I, Daniel Blake (2016) - Drama

Hohum Score

4

Breathtaking

After having suffered a heart-attack, a 59-year-old carpenter must fight the bureaucratic forces of the system in order to receive Employment and Support Allowance.

IMDB: 7.9
Director: Ken Loach
Stars: Dave Johns, Hayley Squires
Length: 100 Minutes
PG Rating: R
Reviews: 16 out of 168 found boring (9.52%)

One-line Reviews (50)

Though the script is compelling, the real strength of the film is in its silences and counterpoints; the personal care of the food bank volunteers against the largely dispassionate, impersonal government employees.

Far from entertaining, it is gritty, raw, and unrelenting.

The last two films by the great (and he is great, in his way) Ken Loach that I've seen I've found thoroughly enjoyable.

You are embodying everything most filmmakers with some kind of idea of how to make a coherent story, try their hardest not to be, pretentious, repetitive, and boring.

Gripping and moving .

The way I see it, "I, Daniel Blake" is more a personal expression of worry and concern rather than manufactured propaganda with an impersonal agenda.

None of it is really very subtle, and honestly some of the script is quite predictable, and the ending, intended to come off as a shock, you could really see coming a mile off.

' The cinema, in spite of it being a special event, was more than half empty.

It was far too on-the-nose, predictable, saccharine, and tedious for my taste.

Daily programming of 'benefit cheats', 'state scroungers', 'unemployed with 6 kids' in true 1984 state propaganda agenda they keep the vitriol piling up on those suffering.

Ken Loach proves that an entirely bleak and dysmal story about unexceptional people, and in Newcastle, for Christ's sake, can still be captivating and, yes, entertaining.

Ken Loach is a master at this stuff, but the secret to getting on board with such tragedy is twofold - how much you relate to the subject matter, and how contrived are the situations that unfold to prove the point.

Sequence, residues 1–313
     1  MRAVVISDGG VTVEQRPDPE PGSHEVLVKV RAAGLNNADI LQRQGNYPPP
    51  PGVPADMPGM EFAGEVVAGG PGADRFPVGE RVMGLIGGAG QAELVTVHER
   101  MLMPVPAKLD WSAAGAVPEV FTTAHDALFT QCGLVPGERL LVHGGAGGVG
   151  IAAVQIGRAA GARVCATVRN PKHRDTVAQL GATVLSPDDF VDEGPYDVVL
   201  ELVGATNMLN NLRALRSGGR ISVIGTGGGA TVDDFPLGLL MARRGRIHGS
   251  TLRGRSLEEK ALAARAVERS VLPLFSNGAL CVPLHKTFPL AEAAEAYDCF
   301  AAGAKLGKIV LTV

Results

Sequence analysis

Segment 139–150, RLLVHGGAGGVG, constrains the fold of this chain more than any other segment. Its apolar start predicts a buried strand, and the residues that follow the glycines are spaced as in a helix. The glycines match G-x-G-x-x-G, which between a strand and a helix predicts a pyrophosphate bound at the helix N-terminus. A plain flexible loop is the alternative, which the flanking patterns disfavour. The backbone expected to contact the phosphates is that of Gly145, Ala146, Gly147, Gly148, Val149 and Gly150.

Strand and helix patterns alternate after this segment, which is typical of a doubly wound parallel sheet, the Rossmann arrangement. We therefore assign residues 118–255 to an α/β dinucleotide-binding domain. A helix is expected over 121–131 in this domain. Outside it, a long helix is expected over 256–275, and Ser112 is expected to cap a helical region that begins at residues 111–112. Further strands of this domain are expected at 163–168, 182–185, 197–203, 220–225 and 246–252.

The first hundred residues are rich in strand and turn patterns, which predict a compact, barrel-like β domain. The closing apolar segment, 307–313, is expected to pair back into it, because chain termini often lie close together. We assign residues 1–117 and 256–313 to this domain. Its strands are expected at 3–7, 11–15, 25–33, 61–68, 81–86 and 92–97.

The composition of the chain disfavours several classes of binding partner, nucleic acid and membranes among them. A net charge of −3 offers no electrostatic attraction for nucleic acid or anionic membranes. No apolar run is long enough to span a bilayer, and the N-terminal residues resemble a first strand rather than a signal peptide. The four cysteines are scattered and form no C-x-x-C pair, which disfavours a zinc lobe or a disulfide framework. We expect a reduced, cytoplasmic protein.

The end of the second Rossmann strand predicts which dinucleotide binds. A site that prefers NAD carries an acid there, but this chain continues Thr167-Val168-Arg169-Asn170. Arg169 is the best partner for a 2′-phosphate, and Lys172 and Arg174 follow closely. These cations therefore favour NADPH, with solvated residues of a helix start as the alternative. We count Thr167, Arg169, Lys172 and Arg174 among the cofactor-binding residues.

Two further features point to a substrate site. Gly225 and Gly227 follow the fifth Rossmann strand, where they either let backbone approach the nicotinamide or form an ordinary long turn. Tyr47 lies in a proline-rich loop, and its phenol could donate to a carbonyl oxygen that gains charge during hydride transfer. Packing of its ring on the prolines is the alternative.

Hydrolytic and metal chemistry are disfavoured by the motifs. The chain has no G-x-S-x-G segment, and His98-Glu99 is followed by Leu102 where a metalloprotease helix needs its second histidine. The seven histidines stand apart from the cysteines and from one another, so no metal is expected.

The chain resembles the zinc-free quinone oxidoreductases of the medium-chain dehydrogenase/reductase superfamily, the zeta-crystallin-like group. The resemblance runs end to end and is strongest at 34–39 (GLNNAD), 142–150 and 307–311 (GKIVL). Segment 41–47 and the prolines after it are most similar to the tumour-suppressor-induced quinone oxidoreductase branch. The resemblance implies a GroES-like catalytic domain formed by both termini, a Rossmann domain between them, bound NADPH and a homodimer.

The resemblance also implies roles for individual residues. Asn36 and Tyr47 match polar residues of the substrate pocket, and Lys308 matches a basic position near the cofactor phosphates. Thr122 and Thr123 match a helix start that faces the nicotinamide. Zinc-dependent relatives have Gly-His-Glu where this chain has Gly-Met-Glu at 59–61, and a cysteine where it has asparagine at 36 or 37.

Ken Loach continues his lower class cinema with a gripping tale of a man of honor.

So viewed as a 'snapshot' I found this film riveting, it didn't drag, made many salient points and hopefully will make audiences think.

Unfortunately this film is simply propaganda and consequently its extreme view doesn't actually help improve the system.

On the other hand, Loach's piece of well-researched propaganda might very well be the wake-up call the Jobseekers Allowance needs to see our perspective of their industry.

Predictable, very predictable.

It's compelling, invoking and upsetting, showing the great lengths and risks people go through in order to maintain their self dignity.

A lot of it is not easy viewing, and certainly not suitable for a fun night out, but the message it gives about today's society is compelling.

A good film for everyone, only if you understand the notion of the film or else will be a boring film.

There are many interesting, entertaining and touching moments in the movie.

I first thought I was going to see a very boring movie and I only knew it was about British social security.

It is an intense portrait of an ordinary man who struggles to retain dignity in an Orwellian world.

Brilliantly directed and acted with the slowest burning narrative it does just enough to slowly boil your blood.

This is a stunning film despite the obvious political bias.